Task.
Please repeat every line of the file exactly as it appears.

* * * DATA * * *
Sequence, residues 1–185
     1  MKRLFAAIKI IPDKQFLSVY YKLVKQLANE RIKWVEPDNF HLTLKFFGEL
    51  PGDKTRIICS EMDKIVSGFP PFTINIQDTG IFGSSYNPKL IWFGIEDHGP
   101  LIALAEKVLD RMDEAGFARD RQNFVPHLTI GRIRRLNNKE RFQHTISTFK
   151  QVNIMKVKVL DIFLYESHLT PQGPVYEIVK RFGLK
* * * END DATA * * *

Sequence, residues 1–185
     1  MKRLFAAIKI IPDKQFLSVY YKLVKQLANE RIKWVEPDNF HLTLKFFGEL
    51  PGDKTRIICS EMDKIVSGFP PFTINIQDTG IFGSSYNPKL IWFGIEDHGP
   101  LIALAEKVLD RMDEAGFARD RQNFVPHLTI GRIRRLNNKE RFQHTISTFK
   151  QVNIMKVKVL DIFLYESHLT PQGPVYEIVK RFGLK